85 1.2
200-400 with built-in 1.4X
flash with built-in radio
superb ergonomics
dual-pixel AF
12-14 fps
world's lightest DSLR

Sony A7R with Canon lens adapter.

Canon General / Re:
« on: October 07, 2014, 03:53:44 AM »
< 10 mins - will the website crash with our optimism?

In which time zone are you?

I suppose the timer was meant for one of the USA time zones...

Canon General / Re:
« on: October 07, 2014, 03:45:28 AM »
I've been taking screenshots of the page with the clock ticking down to use as a practical case of viral marketing to my students. Right at this minute I am not sure if it turned out to be the great example I thought it was!

They are just building up the hype a bit more - like a balloon just before it snaps.

Canon General / Re:
« on: October 07, 2014, 03:30:35 AM »
"Times 0:00 "around the world beacuse if Timezones"

Says who?

Canon General / Re:
« on: October 07, 2014, 03:25:08 AM »
Could it be that the page was just a test run and not really meant to be seen by us now? Maybe it's for a big announcement sometime in the near future (in 1-2 years).

Canon General / Re:
« on: October 07, 2014, 03:11:11 AM »
Now we just need to wait for Japan to start working so they can flip the switch on the webserver... in 16 hours.

Would this sensor have the same noise that all of the FF owners are complaining about when they see the 7D2 samples?

Sure, and that would be the reason why Canon didn't upscale their crop sensors yet. Of course that's only at 100% magnification, and if you downsample and denoise to 20mp crop the ff sensor would still have a large edge - but color fidelity and postprocessing elasticity would still suffer.

I'd be more worried about diffraction as well. At f/11 it's already kicking in on the crop and f/16+ is barely usable at all.

True and this is a huge issue for macro, but aren't most people with ff sensors rather using smaller apertures than f11? The one problem I can imagine would be "infinite dof" landscape, but then there's focus stacking... how do d800/d810 owners deal with diffraction?

Diffraction is not as bad as it sounds. Since it's distributed evenly across the image it's easier to sharpen in postprocessing than a bad lens. There are a few examples around that show that with sharpening a f/16 image can look better than a f/8 image. Since diffraction has a soft onsetting i think that a sensor with a diffraction limit of f/5.6 can easily be used at f/11-f/16 without a high disadvantage after sharpening. And we're far away from diffraction limit at f/2.8 on full frame sensors. (Phone cameras are different though and they make good use of those tiny pixels they have.)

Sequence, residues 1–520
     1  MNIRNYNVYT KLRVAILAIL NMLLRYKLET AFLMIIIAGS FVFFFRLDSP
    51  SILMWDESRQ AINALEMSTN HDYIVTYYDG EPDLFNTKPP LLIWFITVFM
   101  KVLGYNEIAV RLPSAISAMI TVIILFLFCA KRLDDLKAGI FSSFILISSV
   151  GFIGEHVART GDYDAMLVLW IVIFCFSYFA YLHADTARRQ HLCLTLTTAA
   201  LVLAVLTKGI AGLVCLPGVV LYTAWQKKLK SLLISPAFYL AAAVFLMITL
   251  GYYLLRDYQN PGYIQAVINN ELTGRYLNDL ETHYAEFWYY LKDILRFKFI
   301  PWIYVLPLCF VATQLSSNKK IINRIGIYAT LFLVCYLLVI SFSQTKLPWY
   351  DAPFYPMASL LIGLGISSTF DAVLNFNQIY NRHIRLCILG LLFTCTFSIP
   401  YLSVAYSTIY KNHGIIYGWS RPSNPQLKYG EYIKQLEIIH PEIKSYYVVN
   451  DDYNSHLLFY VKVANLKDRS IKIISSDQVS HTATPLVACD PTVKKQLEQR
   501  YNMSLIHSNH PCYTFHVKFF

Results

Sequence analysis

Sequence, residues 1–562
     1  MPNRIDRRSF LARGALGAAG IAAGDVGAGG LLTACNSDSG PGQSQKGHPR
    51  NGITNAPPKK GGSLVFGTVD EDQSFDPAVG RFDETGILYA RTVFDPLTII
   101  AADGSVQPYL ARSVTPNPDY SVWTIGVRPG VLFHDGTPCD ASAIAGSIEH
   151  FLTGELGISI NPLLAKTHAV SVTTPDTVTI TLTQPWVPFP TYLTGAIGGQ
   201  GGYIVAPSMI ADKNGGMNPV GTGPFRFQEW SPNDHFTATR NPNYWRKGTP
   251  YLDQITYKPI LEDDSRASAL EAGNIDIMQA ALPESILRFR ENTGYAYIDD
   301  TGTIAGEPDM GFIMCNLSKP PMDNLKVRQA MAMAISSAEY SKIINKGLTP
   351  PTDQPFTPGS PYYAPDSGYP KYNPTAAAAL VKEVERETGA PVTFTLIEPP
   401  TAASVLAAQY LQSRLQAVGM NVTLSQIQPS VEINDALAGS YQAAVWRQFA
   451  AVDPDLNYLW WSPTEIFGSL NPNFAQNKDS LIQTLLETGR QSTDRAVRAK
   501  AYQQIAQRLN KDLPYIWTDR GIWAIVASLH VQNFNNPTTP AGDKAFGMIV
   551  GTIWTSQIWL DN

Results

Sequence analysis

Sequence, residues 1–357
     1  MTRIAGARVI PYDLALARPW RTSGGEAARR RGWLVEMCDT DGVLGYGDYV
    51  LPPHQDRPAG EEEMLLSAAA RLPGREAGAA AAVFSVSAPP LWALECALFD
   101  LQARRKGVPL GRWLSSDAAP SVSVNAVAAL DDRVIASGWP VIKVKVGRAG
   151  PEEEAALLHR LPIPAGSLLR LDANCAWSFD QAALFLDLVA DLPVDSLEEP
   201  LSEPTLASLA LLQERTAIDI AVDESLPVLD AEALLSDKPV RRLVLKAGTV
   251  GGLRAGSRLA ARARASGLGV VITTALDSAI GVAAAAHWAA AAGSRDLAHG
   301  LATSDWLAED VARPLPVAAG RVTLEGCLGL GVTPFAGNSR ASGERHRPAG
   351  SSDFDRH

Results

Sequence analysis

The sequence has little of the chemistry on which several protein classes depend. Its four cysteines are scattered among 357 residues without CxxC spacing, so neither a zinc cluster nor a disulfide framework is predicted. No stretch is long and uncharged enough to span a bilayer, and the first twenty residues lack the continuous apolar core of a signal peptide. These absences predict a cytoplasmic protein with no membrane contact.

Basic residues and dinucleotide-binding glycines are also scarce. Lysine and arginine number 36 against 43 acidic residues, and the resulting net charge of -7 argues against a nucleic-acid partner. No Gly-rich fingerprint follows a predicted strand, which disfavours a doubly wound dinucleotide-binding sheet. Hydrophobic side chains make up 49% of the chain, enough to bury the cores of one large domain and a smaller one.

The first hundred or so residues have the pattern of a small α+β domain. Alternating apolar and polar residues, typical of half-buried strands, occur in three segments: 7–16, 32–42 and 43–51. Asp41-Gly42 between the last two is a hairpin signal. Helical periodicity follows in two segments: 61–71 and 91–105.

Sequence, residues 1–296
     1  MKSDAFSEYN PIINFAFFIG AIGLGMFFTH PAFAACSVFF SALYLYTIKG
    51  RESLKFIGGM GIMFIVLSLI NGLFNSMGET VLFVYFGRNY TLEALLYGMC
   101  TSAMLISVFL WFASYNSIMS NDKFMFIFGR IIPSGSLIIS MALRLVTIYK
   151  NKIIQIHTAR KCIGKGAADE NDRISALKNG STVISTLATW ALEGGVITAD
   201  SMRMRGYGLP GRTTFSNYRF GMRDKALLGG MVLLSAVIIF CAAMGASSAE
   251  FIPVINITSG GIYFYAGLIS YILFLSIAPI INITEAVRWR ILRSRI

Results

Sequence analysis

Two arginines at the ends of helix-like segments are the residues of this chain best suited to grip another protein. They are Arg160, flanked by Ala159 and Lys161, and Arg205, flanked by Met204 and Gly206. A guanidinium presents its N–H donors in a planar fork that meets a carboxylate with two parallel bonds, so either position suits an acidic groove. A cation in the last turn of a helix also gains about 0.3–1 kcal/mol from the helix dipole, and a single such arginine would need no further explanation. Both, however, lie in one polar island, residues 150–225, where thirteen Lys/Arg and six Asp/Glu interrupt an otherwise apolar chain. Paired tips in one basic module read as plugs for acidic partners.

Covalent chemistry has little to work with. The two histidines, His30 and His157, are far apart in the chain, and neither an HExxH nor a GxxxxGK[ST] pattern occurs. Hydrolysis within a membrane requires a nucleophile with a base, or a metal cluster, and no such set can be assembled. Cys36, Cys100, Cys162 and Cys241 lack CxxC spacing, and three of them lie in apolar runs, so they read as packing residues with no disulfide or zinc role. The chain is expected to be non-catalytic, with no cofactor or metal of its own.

EOS Bodies - For Stills / Re: Long exposure questions on 5D MK3
« on: October 05, 2014, 09:48:10 AM »
To 3.:

The lens measures the movement of the lens and applies a counter-movement with a corrective optical element. This works well for medium-fast shake in the speed range of 1/10th-1/200th of a second. (Not sure if these are the actual frequencies where the IS works properly, it may be a bit more or less.) Ultra-slow and ultra-fast shake cannot be corrected by this method.

A problem is, that the measurement is error-prone especially in the slow-shake regime and it will move around the picture considerably in the order of seconds. (Just use 10x Zoom and push the Shutter button half-way to activate IS and see how the picture shifts around slowly.) Newer lenses switch off if they detect being mounted on a tripod - this may or may not work with your lens and tripod, so switch it off for long exposures.

You need a very sturdy tripod and a remote release and should use mirror lock-up to minimize camera shake.

EOS Bodies - For Stills / Re: Should i get the 7D MKII?
« on: October 02, 2014, 11:08:09 AM »
The 7D provides you with no improvement in image quality. Only focus and durability.

The 7DII provides you with only little improvement in image quality. Only focus and durability.

The 6D provides you with huge improvements in image quality. If you shoot night scenes the central focus point is good. You will need a better lens though but the quality improvement of full frame pays off.

Why would you need an advanced focusing system optimized for moving targets? The landscape or other static scenes are best focused in live view that all of these cameras provide.

I'd say get a good deal on the 6D and never look back. If you don't have many lenses, just start with the 24-105 f/4 IS kit-lens (good price) and add a fixed focal lens when you know what you need. In my experience the Tamron 24-70 f/2.8 VC provides you with a bit better image quality and a wider aperture (if you need that - shooting at f/8 most lenses do the job fine).

If you don't have it, add the 50mm f/1.8. It's good and wide and cheap.